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I have 5, five week old chicks in the same cage. Three partridge rock, and two old english game chickens. We have no clue what their gender is. Well, and then the other one started defenditoday the two old english game chickens (that came from the same chicken = brothers/sisters) started fighting today. One of them attacked ng itself. One of them ended up with a bitten comb and a bloody ear. Any reason for this?? This horrible fighting just started today.
 

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They have a pecking order which starts out when they are chicks ...

Just a fact.
 

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A Round American Woman
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Yes, pecking order starts when they are quite little. However I talked to a man who raised game chickens and he said that he has to separate them when they are young or the girls and boys will kill each other. I have not raised them myself, I'm just passing on something told to me.
 

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What does pecking order mean exactly? I've noticed my chicks doing this as well. Is it a way of showing who's dominate?
 

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Flocker
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The pecking order is finding out who is the boss in the group, and who isn't. Kinda like the alpha male in wolves. But they do that so that the strong ones lead, and the weaker ones follow. :)
 

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The pecking order, for what it's worth
If you are new to owning chickens and find yourself wondering why are my chickens acting that way towards one another, here's some info. that may help you gain a better understanding of life in the coop.

Each flock of chickens that contains more than one rooster actually has two pecking orders. There is the main pecking order and roosters also maintain a seperate pecking order, a men's club so to speak.

At the top of your pecking order is going to be the alpha roo (or alpha hen, if no roosters). This is the rooster that has proven himself worthy of the top spot. He does this by excelling at three things - protection, providing, and procreation. This alpha roo answers to no one. He gets the best roosting spot and pecks on any other bird he chooses.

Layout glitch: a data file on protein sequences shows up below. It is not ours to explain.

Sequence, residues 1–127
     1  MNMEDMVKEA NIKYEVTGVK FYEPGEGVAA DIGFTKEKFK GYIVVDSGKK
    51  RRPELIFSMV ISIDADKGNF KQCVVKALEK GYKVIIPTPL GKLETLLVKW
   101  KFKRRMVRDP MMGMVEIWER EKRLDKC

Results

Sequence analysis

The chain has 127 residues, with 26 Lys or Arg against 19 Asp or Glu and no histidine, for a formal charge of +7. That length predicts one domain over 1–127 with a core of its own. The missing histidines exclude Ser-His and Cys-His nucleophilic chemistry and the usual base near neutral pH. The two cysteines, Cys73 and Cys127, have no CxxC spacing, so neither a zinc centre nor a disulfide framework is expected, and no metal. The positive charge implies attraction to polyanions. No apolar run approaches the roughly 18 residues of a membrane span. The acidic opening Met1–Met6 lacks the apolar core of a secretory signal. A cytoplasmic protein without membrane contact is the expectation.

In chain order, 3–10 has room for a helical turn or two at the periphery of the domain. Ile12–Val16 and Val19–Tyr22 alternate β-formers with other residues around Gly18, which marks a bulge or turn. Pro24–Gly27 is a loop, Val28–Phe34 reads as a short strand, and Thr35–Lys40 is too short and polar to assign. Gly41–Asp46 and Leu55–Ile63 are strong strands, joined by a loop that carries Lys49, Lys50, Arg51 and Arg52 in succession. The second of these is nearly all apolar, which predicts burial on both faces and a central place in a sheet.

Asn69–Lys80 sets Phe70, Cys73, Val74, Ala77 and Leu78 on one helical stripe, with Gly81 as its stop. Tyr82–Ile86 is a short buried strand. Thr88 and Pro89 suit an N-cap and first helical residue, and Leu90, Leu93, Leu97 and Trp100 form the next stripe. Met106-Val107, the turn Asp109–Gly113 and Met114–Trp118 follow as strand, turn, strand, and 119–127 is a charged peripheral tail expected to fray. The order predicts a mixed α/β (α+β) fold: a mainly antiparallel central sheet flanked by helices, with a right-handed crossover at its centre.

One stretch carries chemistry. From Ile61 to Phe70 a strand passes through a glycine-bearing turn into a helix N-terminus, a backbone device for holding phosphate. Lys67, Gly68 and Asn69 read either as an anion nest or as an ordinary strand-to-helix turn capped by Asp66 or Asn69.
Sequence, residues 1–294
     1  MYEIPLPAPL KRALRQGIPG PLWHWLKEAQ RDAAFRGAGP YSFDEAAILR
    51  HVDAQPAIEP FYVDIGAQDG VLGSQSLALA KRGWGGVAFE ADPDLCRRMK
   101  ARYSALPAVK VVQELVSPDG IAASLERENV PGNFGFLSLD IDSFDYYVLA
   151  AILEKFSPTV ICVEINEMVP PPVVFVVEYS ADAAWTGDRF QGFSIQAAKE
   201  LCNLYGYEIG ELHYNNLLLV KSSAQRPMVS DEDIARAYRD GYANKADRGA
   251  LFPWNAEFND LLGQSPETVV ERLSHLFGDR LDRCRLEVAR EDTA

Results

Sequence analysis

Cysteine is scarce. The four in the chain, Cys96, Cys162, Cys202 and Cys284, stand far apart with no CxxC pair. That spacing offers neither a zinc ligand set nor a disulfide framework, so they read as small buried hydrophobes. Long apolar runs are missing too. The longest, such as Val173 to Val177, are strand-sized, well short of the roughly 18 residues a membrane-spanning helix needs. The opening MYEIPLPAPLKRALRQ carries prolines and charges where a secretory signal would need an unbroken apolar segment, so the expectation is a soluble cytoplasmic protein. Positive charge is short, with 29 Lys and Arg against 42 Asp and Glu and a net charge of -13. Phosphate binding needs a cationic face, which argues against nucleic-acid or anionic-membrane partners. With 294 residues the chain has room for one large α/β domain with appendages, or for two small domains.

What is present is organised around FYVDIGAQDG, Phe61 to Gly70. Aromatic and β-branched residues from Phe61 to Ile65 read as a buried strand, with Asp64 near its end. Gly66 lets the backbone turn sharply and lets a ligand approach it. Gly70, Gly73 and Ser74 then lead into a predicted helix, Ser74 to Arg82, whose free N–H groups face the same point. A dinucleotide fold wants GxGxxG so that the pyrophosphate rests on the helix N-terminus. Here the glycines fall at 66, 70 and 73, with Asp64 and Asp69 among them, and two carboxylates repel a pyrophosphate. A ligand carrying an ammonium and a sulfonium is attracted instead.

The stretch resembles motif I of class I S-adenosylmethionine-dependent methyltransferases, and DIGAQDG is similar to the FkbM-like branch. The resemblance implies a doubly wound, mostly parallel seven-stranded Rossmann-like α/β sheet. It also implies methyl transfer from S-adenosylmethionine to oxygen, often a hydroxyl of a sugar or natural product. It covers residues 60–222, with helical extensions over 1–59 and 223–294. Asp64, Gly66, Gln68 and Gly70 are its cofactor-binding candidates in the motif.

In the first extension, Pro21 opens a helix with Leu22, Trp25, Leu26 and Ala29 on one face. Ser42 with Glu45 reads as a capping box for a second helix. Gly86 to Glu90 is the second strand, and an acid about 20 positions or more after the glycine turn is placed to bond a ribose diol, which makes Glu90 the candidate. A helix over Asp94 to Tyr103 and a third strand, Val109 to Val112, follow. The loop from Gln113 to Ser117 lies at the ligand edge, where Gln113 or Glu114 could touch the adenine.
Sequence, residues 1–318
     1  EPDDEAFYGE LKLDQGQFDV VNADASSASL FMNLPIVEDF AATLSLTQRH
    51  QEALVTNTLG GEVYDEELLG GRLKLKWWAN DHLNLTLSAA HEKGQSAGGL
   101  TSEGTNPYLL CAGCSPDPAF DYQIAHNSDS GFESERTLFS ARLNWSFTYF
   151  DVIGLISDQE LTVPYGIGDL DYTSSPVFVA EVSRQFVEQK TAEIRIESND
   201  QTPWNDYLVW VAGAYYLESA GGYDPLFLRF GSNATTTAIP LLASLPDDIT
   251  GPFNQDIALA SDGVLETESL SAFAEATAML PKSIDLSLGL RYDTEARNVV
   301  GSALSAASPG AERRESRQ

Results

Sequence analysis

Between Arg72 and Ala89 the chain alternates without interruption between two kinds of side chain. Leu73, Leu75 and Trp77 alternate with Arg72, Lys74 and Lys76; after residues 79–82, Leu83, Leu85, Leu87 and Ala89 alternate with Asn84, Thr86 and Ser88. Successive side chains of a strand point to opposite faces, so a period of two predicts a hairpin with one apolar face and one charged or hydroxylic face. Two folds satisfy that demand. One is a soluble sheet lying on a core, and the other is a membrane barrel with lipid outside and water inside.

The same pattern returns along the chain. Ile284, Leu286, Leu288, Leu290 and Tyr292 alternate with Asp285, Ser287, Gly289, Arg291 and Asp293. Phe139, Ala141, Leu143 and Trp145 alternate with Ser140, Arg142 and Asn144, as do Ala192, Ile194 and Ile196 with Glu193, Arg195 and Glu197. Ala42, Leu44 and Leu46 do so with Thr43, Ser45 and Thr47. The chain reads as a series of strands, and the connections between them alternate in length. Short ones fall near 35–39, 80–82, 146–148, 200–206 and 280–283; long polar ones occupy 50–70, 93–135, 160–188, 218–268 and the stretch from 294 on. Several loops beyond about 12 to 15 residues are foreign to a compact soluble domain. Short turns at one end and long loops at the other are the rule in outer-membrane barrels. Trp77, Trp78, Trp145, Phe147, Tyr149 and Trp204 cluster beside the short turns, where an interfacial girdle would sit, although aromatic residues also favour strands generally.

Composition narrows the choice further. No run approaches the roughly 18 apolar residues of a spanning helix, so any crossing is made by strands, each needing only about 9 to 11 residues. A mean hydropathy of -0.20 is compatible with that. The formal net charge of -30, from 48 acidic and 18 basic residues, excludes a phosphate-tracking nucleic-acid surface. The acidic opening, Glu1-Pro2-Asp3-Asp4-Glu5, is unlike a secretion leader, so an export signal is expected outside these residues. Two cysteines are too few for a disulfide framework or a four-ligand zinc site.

In most cases, the alpha chooses a favorite hen. She only answers to the alpha. Other roosters or cockerels in the flock are very low on the pecking order, usually dead last. They don't get to choose anyone to be beneath them. If these lowly beasts get to mate at all, it's only because a.) the alpha is weak or b.) because they snuck around and managed to catch a hen out of earshot and sight of the alpha. Normally these omegas just do their best to blend in, staying incognito, because they don't want to draw the attention of the alpha. Often times, these roosters develop very little roo-ish looks and you may even question their gender. All self-preservation. If you start having fighting between your roosters it's because one or more of the omegas has decided he is better than the alpha and can take him in a fight; or you have two very dominant birds that are determined to control the entire flock. That's the roosters pecking order.

Then you have the pecking order that controls the entire flock. Dominant hens are at the top; right below the alpha roo (or alpha hen, without a roo around). You can tell whose at the top by observing the birds. See the hen that has the most beautiful plumage, is a great egg layer and gets to eat and choose a roost first? She's at the top of the order. Her position can be challenged too; but again, it has to be by a hen that is in top form.

The rest of the birds fit in the order downwards from there. A hen that is right in the middle has the right to go after anyone below her - you'll notice her victim averting her eyes and ducking away from any above her. The middle hen will not challenge hens above her unless she senses a weakness in the superior hen.

So that's the way it goes - you can move up or down in the order only if another bird is removed from the flock or shows signs of weakness due to health issues.

I love to observe my birds behavior; especially when they are young and still sorting out the pecking order. I've found the easiest way to tell how its developing and where each bird has ended up is by watching them enter their coop at night. My young rooster (who is turning into a fine flock leader) hops in the coop first and calls all the hens to bed; then he jumps out and stands sentry by the door. The oldest and most dominant hens go first, followed by the most dominant of the younger hens, and down from there. After all the hens are in and accounted for, the rooster enters the coop and takes his spot on the highest roosting point.

So again, for what it's worth....

By Bird_slave
 
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